Why do Turks always fight each other?
I have spent some four decades in Turkey, as a Turk myself, and the most significant political reality I have seen has been a pretty constant one: Fighting. There has always been, in other words, some sort of confrontation between various political groups. For a long time, secularists and conservatives fought each other, for example. Nowadays, there is new battle within the conservatives. The war (literally) between Kurdish and Turkish nationalists is already huge, as the older one between “the right” and “the left.” The left, on the other hand, has always had its internal wars on who are the “real” communists, the Leninists or the Maoists.
The actors, the battle lines and the topics of all of these fights always change. But the game does not change, and we Turks keep spending our energy with endless struggles against each other.
But why? Many Turks would say “foreign powers” pit us against each other. I would say, however, this very common answer is a part of the problem, because it keeps us away from self-examination and self-criticism.
On the latter aspect, here is my two cents. First of all, I think one of our main problems is the monolithic vision of the nation. Almost all political camps, in other words, have an “ideal nation” in their minds, which naturally resembles who they are. Secularists want to see all women in the “modern” dress code they prefer. Conservatives want to raise a “moral youth” that stays away from alcohol or flirtation.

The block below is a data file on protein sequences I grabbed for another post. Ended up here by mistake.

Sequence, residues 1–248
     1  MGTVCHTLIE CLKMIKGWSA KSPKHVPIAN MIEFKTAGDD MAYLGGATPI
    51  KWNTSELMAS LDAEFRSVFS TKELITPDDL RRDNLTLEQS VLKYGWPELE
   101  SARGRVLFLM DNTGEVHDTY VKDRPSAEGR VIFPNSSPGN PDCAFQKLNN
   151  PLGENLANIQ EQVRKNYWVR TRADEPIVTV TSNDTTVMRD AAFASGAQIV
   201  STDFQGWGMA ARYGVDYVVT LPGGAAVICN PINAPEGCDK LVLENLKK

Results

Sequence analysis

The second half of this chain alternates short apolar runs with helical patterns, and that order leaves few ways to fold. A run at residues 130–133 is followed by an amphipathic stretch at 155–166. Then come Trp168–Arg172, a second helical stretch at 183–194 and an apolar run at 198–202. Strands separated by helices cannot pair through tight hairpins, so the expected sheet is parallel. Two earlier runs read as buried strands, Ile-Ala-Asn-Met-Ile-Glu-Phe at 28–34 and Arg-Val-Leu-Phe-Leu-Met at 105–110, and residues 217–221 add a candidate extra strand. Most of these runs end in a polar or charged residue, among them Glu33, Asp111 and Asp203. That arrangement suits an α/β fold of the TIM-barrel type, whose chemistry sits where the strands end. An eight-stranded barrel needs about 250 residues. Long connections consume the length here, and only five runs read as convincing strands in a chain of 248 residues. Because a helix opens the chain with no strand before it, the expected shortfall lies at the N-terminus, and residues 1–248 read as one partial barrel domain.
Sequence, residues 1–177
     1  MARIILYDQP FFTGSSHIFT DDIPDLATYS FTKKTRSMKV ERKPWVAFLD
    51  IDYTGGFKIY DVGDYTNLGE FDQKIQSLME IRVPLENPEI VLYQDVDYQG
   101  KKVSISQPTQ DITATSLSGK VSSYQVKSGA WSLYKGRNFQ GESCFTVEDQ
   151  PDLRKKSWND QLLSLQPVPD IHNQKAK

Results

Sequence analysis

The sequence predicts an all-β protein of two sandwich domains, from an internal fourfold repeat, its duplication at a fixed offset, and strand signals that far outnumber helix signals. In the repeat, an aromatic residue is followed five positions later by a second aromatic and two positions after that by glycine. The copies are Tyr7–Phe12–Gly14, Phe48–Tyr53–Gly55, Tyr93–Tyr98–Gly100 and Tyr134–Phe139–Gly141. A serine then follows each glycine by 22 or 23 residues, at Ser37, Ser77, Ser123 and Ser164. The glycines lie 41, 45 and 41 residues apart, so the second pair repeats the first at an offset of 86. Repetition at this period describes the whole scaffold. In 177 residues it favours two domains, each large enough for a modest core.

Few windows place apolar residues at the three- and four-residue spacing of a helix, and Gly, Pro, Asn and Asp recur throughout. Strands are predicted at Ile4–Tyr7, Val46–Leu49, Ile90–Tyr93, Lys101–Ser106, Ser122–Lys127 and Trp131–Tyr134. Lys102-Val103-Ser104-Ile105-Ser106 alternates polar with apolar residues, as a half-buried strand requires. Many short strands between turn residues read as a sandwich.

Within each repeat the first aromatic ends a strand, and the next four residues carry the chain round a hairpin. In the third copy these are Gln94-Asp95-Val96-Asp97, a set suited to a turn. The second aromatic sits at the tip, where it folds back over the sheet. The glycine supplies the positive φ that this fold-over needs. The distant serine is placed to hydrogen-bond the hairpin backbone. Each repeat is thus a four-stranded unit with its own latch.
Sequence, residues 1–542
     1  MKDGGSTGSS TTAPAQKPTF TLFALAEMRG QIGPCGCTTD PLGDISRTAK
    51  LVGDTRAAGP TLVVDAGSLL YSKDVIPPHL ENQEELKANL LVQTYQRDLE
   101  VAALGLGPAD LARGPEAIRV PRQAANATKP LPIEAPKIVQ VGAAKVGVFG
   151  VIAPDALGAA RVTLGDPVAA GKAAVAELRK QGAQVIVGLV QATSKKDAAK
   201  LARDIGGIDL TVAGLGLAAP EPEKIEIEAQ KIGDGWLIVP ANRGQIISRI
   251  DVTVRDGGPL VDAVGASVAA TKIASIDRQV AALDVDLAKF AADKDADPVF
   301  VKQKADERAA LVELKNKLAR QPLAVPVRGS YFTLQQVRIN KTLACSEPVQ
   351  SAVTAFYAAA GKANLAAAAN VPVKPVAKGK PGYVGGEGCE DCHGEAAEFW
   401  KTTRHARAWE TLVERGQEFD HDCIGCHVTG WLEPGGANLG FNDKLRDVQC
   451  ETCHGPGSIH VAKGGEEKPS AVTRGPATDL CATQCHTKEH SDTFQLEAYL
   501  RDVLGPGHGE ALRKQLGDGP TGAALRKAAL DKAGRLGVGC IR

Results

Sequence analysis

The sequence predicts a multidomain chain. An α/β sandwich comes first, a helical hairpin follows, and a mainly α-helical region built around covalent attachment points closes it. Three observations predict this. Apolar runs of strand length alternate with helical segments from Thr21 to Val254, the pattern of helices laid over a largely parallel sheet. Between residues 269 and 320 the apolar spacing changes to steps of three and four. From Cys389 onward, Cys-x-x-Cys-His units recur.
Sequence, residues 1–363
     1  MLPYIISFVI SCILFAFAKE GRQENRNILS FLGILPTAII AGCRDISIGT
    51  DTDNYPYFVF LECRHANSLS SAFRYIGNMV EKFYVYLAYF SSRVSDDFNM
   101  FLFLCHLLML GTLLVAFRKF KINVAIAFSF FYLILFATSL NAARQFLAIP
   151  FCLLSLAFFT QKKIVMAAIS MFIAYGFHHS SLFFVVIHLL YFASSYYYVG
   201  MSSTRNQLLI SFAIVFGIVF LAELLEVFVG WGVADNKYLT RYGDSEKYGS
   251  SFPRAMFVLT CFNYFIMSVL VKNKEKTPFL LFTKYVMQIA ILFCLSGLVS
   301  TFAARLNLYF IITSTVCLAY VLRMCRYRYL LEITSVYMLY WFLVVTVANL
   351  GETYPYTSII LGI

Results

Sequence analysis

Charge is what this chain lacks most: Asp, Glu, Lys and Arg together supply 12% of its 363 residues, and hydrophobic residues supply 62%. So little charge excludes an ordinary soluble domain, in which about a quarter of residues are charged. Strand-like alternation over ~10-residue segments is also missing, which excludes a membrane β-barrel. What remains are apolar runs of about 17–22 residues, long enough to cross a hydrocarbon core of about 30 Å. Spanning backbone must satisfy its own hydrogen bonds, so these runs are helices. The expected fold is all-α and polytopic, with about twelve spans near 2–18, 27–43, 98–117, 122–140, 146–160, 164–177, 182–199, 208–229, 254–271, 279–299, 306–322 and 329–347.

Such authoritarian efforts to impose an ideal on society breeds constant reaction and tension.
Secondly, we are quite paranoid. Conspiracy theories are the national way of interpreting the world. In this mindset, your political opponents are not just opponents, but the paws of a larger conspiracy cooked up by “foreign powers” – Europeans, Americans, “Zionists,” “capitalists,” “imperialists,” or even Arabs and Iranians. Thus, you can’t reason with these people; you just have to be “alert” about their evil tricks and give them no “concession.” (“Concession,” in the Turkish political language, is a very dirty word.)
The third trouble we have is that our state, the Almighty Turkish Republic, is such a huge, colossal, centralized, all-encompassing machine. Controlling the state, therefore, gives enormous privilege to those who are lucky enough to come to power. When the government changes, all the patronage it distributes in bureaucracy, business, universities, or the media also changes. That is why the power games in Ankara are very relevant and vital for everybody.
But can we solve all these problems and move on to become a more peaceful, harmonious, open society? Sure. We just need to become a more pluralist and less paranoid nation. And we need a more minimal and de-centralized state. Easy, right?
Since none of this is so easy, our political fights keep reoccurring at every stage, only with brief intervals of silence.
The better news is that, thank God, the fights I am talking about are generally non-violent. With the exception of the armed conflict between the state and the Kurdish separatists, we luckily don’t kill each other over political tensions. We rather irritate, humiliate or infuriate each other.
Personally speaking, I am not getting irritated by all these fights anymore: I just accept them as facts of life. But I am getting really, really, bored and tired.